Crown vetch (Securigera varia) was introduced in the U.S. in the 1950’s during our interstate highway boom. It was hailed at the time as a fast growing, drought resistant ground cover and planted extensively along the new highways to eliminate the need to mow.
Those same characteristics allowed it to smother the native plants it encountered in its path.
Crown vetch is native to Europe, southwest Asia and northern Africa. It thrives in open, sunny places, spreading by seed and rhizomes. It has no North American enemies, nor can it be eaten by farm animals or wildlife because it contains nitroglycosides which cause slow growth and paralysis if consumed in large amounts.
Sixty years after its introduction to America, crown vetch is listed as invasive in 45 states. If you’ve ever tried to eradicate it you’ll know why.
I once planted a free seed packet of wildflowers in my front garden. To my dismay the seed company included two — just two! — crown vetch seeds in the mix. I let them grow that first year.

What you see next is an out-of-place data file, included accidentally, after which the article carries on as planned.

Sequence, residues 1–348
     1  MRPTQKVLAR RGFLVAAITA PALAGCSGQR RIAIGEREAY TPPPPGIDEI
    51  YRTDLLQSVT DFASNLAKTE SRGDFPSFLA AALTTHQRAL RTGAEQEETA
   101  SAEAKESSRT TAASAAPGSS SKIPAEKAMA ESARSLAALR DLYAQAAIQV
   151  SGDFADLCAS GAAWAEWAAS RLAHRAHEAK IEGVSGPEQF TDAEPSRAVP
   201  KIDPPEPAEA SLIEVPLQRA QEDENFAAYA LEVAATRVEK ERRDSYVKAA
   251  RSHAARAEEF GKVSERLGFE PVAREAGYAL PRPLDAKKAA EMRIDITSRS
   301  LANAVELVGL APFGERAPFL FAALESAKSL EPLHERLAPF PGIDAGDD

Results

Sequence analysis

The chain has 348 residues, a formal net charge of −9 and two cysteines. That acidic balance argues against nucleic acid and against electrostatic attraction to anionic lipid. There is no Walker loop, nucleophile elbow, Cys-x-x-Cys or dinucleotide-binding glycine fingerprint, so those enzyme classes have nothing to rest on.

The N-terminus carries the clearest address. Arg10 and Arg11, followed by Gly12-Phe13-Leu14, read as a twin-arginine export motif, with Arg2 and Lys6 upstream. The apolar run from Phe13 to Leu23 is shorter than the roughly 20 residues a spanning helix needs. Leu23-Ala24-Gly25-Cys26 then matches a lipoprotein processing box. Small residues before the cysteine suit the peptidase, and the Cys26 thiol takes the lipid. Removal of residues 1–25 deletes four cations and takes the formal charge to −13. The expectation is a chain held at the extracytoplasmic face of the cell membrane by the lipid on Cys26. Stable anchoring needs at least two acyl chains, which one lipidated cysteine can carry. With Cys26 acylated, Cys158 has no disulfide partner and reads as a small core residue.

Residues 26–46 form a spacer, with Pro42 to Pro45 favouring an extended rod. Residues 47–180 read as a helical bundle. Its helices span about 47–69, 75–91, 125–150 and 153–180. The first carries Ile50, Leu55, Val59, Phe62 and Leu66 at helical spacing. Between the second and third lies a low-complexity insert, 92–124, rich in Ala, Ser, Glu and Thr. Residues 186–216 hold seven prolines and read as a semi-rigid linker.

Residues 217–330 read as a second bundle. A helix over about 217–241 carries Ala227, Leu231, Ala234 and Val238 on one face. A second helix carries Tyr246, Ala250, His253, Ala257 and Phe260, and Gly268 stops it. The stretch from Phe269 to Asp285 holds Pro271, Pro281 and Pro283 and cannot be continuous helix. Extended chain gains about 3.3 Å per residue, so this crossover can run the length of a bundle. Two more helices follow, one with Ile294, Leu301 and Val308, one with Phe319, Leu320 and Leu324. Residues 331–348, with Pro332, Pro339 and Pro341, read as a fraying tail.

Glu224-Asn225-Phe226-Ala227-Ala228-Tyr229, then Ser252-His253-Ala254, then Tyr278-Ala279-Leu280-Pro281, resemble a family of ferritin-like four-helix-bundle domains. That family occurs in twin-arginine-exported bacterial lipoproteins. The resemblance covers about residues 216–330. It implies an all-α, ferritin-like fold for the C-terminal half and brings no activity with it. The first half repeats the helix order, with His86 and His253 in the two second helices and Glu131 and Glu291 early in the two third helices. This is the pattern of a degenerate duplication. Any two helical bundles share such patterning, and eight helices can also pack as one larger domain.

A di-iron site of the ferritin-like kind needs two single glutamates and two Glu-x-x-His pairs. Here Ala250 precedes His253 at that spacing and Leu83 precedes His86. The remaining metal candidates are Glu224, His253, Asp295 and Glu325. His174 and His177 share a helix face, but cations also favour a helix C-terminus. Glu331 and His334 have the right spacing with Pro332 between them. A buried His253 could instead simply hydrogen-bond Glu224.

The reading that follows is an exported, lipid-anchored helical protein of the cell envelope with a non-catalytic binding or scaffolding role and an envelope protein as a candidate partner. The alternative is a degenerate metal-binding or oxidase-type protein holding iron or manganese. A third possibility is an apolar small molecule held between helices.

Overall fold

The next spring I was left with two perennials and two crown vetch plants. I pulled the vetch and planted new flowers but the vetch reappeared in more places than I’d pulled up. I weeded, it reappeared, over and over and over again. Yikes!
The only solution was to give up on the other flowers and aggressively pull out every crown vetch plant and its root as soon as it appeared. It took two years of meticulous weeding before I eradicated the vetch from my small garden.
Sadly, the seed companies still sell crown vetch.
You can buy this pink invader … but DON’T!
(photo by Trisha M. Shears via Wikimedia Commons. Click on the photo to see the original.)